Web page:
The Art of the Promotional Video


A promotional video when carefully created can significantly enhance you and your brand. Creating interest among potential clients, it's what is also described as raising brand awareness. But if you don't have a significant budget to do it right, there's a risk that something not quite so good will damage your brand. However, there is a ray of hope. You can produce something truly great if you have some time and you think it through.

Promotional video
Promotional videos need not cost the earth!


Professional promotional videos are not cheap if you are going to the larger promotional companies. There's a reason that they're not cheap, generally it is because there's a whole heap of work and very expensive equipment involved. They also have significant resources that need to be continuously funded, and they do have huge overheads that need to be covered. In fact there are companies that will charge six figures, yet still struggle to turn a profit.

That's not to say that you can't get away with promoting your company, brand, or even yourself on a budget, so today I will be providing a number of strategies that you can use to create a promotional video without necessarily breaking the bank. But first I need to explain a little of the context.

Fees across different production companies vary widely, some charge around $300-$500 for a 30 or 60 second video, but these are usually templated, and will have been seen many times before. It's not uncommon for a production company to charge much more. In fact a typical animated promotional video can be anywhere between $3,000 to $10,000 per minute, and occasionally even more. If you go with the primary players and involve a great marketing company, you could be looking at six figures and higher. If you want a television advert to run when people are awake, it's time to break open the wallet.

I never discuss pricing until I have a clear specification from the client and understand the timescales they want me to work within. If they want something in the next week or so, the price has to reflect a lot of late nights and calling in people to assist. If the client has reasonable expectations, then they will not only get a better finished video, they will get a lot more detail and added value.

Some of the work has to be outsourced. A promotional video I made a few years ago ended up involving three other companies. Animators, sound engineers, and actors, and specialist lighting for the non-animated elements. Even a short video when done properly can involve lots of people, each with their own specific skill sets. Generally even small productions can involve three or four people over a couple of weeks.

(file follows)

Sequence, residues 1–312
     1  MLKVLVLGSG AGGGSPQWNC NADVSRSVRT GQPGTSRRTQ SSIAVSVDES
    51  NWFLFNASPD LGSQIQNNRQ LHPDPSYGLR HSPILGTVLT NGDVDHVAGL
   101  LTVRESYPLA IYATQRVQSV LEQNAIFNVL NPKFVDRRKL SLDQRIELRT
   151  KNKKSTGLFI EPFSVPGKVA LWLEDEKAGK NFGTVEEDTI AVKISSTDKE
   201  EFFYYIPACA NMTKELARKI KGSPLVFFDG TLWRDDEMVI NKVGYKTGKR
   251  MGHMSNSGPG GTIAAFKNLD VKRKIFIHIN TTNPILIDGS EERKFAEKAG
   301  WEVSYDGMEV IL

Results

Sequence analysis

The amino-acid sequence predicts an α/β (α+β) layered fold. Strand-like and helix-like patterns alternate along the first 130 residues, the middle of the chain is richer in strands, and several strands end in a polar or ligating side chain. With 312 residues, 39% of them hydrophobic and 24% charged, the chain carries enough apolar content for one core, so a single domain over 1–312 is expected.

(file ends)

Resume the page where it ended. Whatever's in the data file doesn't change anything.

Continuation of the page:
Animated and CGI video's are more complicated. An animator will need to be involved and they usually charge a daily rate. This is where it can become very expensive, very quickly. An animator might need a week to produce enough content to run for one minute. Depending on the type of animation required, CGI animation can be slightly quicker, or it can take even longer. So it is really important when you are planning to have a video created to be able to provide a very clear set of requirements. If you are creating something yourself, then you will still need a clear set of requirements. First rule of promotional video creation, know what it is that you want.

A few years ago I had a client who I nearly had to pass on. Not something I like to do, but what was being asked just wasn't going to be possible in 24-hours, even if Disney had have got involved. Nor was the budget realistic. A 10-minute promotional video, full CGI, and every character would need to be drawn, the budget, £300 ($430 U.S). This was to include the rights to use a piece of music from a very well known rapper, something that I had no control over. In fact, the rights alone for one track, globally viewed, would have been many times the totality of the budget.

Setting expectations is something I have become much better at over the years. Once I had explained that so much of the ask was beyond my control, and explained that they couldn't just utilise a famous rappers track, the penny dropped. They also realised that their 10-minute promotional video was in fact way too long, and something much shorter would actually have a bigger impact. The reason was that they wanted something that would just get their branding visible on social media platforms. What they hadn't considered were the myriad of other options available to perform a relatively simple task. They had presumed that they would need 10-minutes, but 9.5 minutes were not at all relevant to the end game. The end result was that the company got two simpler 15-second videos to use on different social media channels, both produced in 36-hours, and the outcome was that the video was shared repeatedly. In fact the videos were shared nearly 2,000 times in the first week and sales increased.


Even a GoPro can create stunning results


When you are contemplating creating a promotional video it doesn't necessarily need to be created by anyone other than you. Today there are so many video editing platforms which are easily accessible, and more importantly, they are affordable.